Friends don’t let friends drink and drone—but that’s just what happened to an inebriated off-duty employee from the National Geospatial-Intelligence Agency in the early morning hours on January 26. And, it just so happened that his borrowed 2-foot by 2-foot DJI Phantom drone went rogue and landed on the White House grounds. It’s not every day that one’s hobby leads to a lockdown at the White House and a Secret Service investigation. This drone enthusiast’s alcohol-related misadventures not only raised additional questions on White House security measures—which has come under fire as of late, but also shined the national spotlight on drones yet again.
Over the past few years, time and again drones have made headlines. In the wake of national disasters such as Hurricane Katrina, drones were used for search and rescue operations. The agriculture industry has also relied on drones to monitor crop conditions, and even Amazon and UPS have considered using drones for package delivery—although this idea is still in the works. Importantly, the military is dependent on drones for both surveillance and strike missions. In situations like these, unmanned aerial aircraft has enabled the military to conduct dangerous operations without putting troops’ lives at risk.
Pipelines, refineries, and petrochemical facilities would also benefit from the use of drones, as these secure sites require sophisticated forms of surveillance to mitigate and protect against terrorist threats or attacks. On the flip side, drones pose a threat if they end up in the wrong hands. Spying and trespassing on private property by terrorists, environmental groups, or a meddling hobbyist is not only illegal in some states, but endanger a site’s security capabilities. However, if there is an incident, drones could be used to investigate the situation should the breached area prove to be inaccessible or too hazardous.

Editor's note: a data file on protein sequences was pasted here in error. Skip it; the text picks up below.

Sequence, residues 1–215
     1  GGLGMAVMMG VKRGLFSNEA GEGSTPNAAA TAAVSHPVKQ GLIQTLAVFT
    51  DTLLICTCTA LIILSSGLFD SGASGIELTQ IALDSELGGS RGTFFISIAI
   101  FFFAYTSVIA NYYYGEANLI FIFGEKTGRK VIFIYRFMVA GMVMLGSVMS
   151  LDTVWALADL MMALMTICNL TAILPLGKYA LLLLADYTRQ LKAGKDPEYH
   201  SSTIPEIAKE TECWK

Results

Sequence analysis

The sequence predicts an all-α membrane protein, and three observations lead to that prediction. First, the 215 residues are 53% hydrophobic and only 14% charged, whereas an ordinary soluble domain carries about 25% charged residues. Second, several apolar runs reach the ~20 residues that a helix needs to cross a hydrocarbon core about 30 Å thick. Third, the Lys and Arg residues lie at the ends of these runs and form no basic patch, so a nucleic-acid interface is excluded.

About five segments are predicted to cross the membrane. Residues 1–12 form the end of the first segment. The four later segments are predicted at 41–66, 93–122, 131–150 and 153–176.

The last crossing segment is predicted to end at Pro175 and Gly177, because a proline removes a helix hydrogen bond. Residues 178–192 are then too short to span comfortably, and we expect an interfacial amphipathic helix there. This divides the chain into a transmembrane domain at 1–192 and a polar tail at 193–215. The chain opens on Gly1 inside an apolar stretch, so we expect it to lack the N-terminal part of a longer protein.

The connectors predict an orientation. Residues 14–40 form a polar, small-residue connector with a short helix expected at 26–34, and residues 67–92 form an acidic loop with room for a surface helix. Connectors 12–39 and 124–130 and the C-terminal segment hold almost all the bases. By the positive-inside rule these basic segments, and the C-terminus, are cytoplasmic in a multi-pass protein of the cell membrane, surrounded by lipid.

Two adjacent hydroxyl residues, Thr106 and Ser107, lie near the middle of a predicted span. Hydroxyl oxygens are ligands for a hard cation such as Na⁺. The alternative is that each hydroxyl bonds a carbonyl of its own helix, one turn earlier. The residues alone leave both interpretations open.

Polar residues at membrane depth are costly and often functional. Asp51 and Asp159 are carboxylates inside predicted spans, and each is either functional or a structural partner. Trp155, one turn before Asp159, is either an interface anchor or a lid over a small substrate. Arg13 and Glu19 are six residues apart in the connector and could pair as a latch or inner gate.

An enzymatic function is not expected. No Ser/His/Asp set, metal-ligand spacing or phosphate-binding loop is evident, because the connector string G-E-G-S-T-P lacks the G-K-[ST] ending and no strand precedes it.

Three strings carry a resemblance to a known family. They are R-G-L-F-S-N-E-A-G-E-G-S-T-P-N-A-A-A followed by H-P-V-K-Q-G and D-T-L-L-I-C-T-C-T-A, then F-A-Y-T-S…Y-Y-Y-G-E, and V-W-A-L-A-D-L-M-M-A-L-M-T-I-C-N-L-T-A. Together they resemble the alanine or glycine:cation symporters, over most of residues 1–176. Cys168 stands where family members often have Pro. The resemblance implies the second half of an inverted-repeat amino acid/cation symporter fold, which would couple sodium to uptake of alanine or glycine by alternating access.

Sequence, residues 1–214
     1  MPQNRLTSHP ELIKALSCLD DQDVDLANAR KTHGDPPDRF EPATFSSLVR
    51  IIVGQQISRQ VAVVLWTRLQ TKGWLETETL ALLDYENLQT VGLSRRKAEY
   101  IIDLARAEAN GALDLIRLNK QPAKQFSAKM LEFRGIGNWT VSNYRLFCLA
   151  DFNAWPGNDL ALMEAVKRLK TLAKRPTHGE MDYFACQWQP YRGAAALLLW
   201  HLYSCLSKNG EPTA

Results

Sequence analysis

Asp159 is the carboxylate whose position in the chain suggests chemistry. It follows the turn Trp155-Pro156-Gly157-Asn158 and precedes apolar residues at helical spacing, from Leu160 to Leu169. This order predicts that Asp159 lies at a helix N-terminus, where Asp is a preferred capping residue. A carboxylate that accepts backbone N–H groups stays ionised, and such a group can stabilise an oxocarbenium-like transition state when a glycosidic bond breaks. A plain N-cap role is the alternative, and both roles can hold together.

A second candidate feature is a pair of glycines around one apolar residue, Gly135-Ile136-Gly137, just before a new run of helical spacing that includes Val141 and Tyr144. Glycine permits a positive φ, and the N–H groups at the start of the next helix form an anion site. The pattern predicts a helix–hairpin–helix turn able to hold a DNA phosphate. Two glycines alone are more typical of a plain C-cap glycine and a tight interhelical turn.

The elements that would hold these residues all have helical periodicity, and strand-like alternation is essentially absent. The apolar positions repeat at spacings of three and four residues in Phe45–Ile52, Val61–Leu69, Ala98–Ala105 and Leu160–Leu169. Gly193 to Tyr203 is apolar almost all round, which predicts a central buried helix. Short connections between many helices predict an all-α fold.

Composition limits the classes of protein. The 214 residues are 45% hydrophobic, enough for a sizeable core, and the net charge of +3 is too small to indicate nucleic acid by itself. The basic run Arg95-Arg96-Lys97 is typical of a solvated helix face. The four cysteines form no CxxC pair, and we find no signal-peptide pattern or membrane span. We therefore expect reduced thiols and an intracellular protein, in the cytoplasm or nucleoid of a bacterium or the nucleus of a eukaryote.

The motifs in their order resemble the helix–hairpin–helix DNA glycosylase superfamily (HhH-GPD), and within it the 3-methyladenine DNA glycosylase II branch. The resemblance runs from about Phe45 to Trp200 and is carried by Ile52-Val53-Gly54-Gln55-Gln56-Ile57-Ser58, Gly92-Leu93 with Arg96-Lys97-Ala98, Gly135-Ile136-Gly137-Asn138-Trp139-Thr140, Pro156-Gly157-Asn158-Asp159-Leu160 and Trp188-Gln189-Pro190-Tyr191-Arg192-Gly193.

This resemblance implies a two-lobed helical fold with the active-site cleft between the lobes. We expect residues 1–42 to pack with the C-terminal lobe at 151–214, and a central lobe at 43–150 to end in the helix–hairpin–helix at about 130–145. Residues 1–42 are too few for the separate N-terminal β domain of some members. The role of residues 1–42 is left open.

Like all forms of critical infrastructure, pipelines, refineries, and petrochemical facilities also require regular maintenance and constant monitoring. Drones have proven to be useful in this respect, evaluating emissions levels, tank, and pipeline integrity, etc. An aerial vantage point would clearly go beyond the capabilities of on the ground inspection crews. There is no doubt that drone technology is advancing rapidly and has a bright future as long as it is used appropriately.
Currently, there is a draft proposed rule pending from the Federal Aviation Administration at Office of Management and Budget that would regulate drone operations in national airspace. The proposed rule has yet to be published in the Federal Register and has been delayed for several months. Already, countries such as Canada and many other countries have implemented a risk based approach to drone use—therefore allowing industry to operate drones faster than in the U.S.
At a time when the world is at a heightened level of alert, there is no time to delay. It is more important than ever that regulations are put in place to not only protect against nefarious activities from unmanned aerial aircraft, but also provide certainty to industries who either want to use drones for their own purposes or seek protection from them.